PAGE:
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Sweeney: Sandy oversight report was ‘not acceptable’

State Senate President Steve Sweeney was joined at a press conference Monday by housing advocates to criticize the Christie administration for the lack of details in the recently-released Superstorm Sandy integrity monitor reports.

NJ Senate President Steve Sweeney
State Sen. Pres. Steve Sweeney (David Matthau, Townsquare Media NJ)

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Sweeney (D-West Deptford) said that when he introduced legislation creating the monitors, he expected detailed reports, and he anticipated that Gov. Chris Christie would deliver them.

“We have a Mastro report that has 344 pages and cost $3 million,” Sweeney said. “I’ve got an integrity monitor’s report with 24 pages for $5 million. I think we got cheated. Obviously this is not acceptable.”

The Mastro report reference was to the internal probe of the Bridgegate scandal  conducted by Randy Mastro of Gibson, Dunn & Krutcher. The report was commissioned by Christie and cleared the governor of any involvement or wrongdoing in the unannounced lane closures at the George Washington Bridge in September.

“We don’t want to blame, point fingers, call names; what we want to do is make sure that when we’re spending taxpayers’ money that it’s being spent in a wise fashion and not in a wasteful fashion,” Sweeney said. “Whether it’s good, bad, we need the public to understand whether we’ve done things right or wrong.”

Every report should be released now, according to Adam Gordon, the staff attorney for the Fair Share Housing Center.

“It’s really important to make sure this (federal Sandy recovery) money is being spent fairly and effectively, but it also is really important because people still today don’t know in many instances why they may have been rejected from programs, why they didn’t hear back from programs,” Gordon said.

The organization hired by the Department of Community Affairs to serve as the Integrity Oversight Monitor is CohnReznick. Sweeney said it is very disappointing that the reports did not include information on that contract. He said it is wrong that some details were not made public due to claims that they were not public information.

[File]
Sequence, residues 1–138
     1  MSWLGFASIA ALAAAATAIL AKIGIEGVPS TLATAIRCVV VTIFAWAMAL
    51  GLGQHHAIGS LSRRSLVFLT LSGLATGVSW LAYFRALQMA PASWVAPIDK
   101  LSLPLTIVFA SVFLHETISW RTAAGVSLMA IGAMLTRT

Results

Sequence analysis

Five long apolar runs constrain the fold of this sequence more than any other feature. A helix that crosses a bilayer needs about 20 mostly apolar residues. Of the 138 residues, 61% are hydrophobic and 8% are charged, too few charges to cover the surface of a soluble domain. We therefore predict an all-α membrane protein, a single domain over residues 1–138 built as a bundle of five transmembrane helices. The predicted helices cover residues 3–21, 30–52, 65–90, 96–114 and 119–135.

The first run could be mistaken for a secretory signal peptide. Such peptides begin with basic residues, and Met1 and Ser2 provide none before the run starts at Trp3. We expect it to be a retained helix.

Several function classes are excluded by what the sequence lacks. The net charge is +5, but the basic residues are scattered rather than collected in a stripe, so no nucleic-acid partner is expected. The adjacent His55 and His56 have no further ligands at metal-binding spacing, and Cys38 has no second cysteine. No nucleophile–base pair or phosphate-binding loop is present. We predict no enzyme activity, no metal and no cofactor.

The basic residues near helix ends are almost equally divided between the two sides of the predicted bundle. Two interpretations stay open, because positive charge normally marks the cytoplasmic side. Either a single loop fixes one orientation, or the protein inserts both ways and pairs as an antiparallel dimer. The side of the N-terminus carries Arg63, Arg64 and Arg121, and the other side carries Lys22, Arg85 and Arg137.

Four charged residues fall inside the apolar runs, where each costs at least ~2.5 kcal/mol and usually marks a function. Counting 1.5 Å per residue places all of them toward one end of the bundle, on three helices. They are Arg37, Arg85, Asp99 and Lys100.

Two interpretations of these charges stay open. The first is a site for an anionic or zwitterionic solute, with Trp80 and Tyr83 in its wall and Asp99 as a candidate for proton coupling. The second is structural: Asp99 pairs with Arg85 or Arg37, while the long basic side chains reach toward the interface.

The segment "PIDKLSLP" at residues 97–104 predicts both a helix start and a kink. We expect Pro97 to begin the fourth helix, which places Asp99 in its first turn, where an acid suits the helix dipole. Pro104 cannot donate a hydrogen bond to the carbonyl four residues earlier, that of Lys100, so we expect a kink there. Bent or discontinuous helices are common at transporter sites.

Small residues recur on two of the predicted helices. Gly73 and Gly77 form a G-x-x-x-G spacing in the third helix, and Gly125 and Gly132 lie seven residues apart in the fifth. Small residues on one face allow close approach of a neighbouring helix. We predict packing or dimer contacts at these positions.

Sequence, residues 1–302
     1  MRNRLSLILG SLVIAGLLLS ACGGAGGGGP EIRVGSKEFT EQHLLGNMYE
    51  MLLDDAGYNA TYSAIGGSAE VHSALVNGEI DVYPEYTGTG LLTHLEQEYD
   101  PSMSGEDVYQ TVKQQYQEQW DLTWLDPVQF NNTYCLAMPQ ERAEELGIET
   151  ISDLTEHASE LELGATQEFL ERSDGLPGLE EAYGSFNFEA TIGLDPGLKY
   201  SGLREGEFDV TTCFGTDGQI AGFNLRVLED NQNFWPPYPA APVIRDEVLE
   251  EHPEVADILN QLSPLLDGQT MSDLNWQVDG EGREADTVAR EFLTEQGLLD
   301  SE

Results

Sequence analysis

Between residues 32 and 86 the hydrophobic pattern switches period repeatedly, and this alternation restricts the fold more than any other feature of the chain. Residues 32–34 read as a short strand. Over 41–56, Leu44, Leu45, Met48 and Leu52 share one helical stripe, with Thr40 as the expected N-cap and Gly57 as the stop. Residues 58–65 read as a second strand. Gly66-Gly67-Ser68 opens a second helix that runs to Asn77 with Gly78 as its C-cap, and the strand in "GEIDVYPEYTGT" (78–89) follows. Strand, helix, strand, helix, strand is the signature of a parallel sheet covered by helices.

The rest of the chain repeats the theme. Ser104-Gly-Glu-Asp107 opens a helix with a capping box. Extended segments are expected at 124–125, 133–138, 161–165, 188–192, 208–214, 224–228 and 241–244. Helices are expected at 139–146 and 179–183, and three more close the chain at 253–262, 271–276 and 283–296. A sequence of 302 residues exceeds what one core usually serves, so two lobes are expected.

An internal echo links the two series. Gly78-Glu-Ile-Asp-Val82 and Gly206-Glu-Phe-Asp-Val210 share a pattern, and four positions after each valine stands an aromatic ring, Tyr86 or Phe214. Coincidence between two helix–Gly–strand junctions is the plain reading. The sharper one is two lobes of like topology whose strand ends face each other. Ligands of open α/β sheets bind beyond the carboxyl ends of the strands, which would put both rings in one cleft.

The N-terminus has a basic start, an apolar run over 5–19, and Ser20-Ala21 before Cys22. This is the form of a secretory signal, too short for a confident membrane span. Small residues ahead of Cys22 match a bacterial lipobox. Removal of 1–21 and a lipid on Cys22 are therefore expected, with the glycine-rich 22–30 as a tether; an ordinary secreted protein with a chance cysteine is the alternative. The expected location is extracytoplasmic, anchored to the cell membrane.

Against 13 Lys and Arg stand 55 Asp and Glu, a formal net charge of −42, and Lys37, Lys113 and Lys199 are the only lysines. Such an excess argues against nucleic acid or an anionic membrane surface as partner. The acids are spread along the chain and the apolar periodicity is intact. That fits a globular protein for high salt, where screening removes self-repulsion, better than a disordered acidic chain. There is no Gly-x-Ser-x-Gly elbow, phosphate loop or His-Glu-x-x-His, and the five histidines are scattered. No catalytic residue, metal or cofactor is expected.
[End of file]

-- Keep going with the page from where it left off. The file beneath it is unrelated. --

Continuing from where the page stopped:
“We want detail, we want to know what we did right and what we did wrong,” Sweeney said. “We spent $5 million on these reports. If you’re going to spend $5 million, you get more than 24 pages. If the report was glowing, I’m sure we would have seen it in a much more detailed report.”

Christie spokesperson Michael Drewniak said the program actually costs less than the figure Sweeney is suggesting.

“We have no idea where the Senate President is getting his $5 million figure,” Drewniak said. “It’s completely false. The cost to date is a fraction of that, and the program is in full compliance with the statute that Senator Sweeney himself sponsored.”

Drewniak said the contracts, open to review per Sweeney’s legislation, are $5 million or higher.

State Treasury spokesman Christopher Santarelli said in an emailed statement that “the law, and its provisions for quarterly reporting, have been followed exactly as written.”

He added that “the total cost of the reports distributed to the legislature and governor this month is clearly listed in each report, and a fraction of the $5 million figure claimed by the Senate President today.”

The figures he provided are as follows:

Chris Donnelly, a spokesman for Sweeney, said however that the $5 million figure is, in fact, accurate if you consider that the state has a two-year, $9.2 million contract with Ernst and Young to build the original pool of companies that would be considered for Sandy contracts. He said Ernst and Young has spent about $4 million so far. He said the state’s contract with CohnReznick is for $500,000 and hundreds of thousands has been spent to date for various other oversight work.

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